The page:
Expecting a trip to one of the most extreme and isolated climates in the Americas and not being contingent prepared is a choice made by the individual. I have empathy, I've been stuck with bad weather in the Aleutians for over a week at a time, missing family and work as a result, but never would i place blame on the airline for upholding a legitimate standard of safety. I make the decisions and carry the risk associated with delays in my travels. Those risks are mine to take into context and in no way should be pushed to the airlines. If we did that, there would be an extremely dangerous conflict of interest to reckon with.

  25. David Guest

    It’s unfortunate that you are stuck. This is a regular occurrence in rural Alaska, and not the airlines’ fault. Locals would say “get used to it or don’t come.”

  26. Annie Akootchook Guest

    Barrow Alaska has had heavy dense Fog which resulted in Flights Not being able to land. Along with airport construction for upgrades

  27. N.b Guest

    Common sense is no one should ever travel without extra clothing and a weeks worth of medication domestic or otherwise as anything can happen that can wreck havoc during your trip - although it sounds like a travel advisory would have been helpful if the runways are under construction and other equipment issues are happening ie radar etc. Now not every traveler has accomplished the sometimes necessary research before deciding on a destination and just...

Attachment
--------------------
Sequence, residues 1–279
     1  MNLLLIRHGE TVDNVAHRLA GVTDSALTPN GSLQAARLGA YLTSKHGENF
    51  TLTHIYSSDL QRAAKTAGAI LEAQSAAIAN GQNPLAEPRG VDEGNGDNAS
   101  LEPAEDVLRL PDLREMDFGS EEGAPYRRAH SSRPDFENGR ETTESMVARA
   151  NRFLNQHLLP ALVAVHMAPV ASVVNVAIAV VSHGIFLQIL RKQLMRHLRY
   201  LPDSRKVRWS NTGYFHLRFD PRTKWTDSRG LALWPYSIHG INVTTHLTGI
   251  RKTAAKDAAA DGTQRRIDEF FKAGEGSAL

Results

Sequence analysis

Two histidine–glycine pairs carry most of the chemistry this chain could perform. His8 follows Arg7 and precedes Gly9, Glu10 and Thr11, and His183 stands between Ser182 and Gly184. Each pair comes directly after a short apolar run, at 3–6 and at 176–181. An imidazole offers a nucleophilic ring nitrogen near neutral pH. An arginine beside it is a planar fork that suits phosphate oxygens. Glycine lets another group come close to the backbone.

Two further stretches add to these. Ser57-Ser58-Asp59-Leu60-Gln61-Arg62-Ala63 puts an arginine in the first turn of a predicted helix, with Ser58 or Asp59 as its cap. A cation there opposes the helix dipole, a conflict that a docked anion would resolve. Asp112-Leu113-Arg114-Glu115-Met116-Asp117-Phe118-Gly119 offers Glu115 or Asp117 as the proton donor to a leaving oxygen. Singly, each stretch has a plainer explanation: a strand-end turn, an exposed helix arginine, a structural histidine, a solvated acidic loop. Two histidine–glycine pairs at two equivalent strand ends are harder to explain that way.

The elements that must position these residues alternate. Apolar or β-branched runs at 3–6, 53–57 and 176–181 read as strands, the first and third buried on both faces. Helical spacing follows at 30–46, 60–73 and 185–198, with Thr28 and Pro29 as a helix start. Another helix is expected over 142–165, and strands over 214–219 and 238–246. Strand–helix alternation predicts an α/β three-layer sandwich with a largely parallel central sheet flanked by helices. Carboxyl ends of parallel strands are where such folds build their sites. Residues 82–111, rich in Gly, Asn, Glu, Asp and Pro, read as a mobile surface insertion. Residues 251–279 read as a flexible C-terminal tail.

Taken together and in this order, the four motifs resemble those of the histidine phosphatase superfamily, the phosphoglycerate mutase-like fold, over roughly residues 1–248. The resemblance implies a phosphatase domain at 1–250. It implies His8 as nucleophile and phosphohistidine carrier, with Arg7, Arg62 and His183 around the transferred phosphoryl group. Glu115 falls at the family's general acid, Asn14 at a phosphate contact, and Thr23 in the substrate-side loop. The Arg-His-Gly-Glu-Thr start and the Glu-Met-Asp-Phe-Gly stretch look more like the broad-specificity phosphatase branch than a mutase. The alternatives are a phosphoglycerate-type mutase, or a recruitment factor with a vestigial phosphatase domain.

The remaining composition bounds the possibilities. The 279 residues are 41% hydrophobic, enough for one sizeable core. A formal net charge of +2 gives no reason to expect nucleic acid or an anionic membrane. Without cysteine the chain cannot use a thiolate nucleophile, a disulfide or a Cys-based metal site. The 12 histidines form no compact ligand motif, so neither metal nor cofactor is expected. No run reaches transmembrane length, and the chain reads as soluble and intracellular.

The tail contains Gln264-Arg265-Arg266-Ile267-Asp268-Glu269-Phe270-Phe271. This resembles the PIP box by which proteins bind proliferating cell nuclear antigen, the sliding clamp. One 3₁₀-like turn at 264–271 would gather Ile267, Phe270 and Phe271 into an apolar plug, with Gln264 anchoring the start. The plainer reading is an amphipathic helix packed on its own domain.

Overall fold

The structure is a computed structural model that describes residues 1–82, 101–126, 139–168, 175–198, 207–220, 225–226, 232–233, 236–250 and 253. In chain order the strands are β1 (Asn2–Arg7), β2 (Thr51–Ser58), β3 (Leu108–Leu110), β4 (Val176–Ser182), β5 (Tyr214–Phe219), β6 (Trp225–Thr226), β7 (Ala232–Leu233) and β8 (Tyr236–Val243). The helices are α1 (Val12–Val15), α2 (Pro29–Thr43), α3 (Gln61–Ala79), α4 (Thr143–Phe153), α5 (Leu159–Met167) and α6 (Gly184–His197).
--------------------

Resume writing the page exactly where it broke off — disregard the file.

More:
Common sense is no one should ever travel without extra clothing and a weeks worth of medication domestic or otherwise as anything can happen that can wreck havoc during your trip - although it sounds like a travel advisory would have been helpful if the runways are under construction and other equipment issues are happening ie radar etc. Now not every traveler has accomplished the sometimes necessary research before deciding on a destination and just to say they should know that this airport typically has weather issues and flights don’t operate for days at a time is pretty insensitive. Hopefully people can get out soon, sounds like a stressful situation for everyone.

  28. Kyle Guest

    First and Foremost: Utqiagvik is the community (formerly known as Barrow). Wiley Post-Will Rogers Memorial Airport is what serves this community. The airport is owned/operated by the State of Alaska (who publish closure/construction notifications). Alaska Airlines provides service to this community and airport. The pilots and crew who serve this airport are some of the finest in the world, working in some of the most extreme and grueling conditions you could imagine, all with the...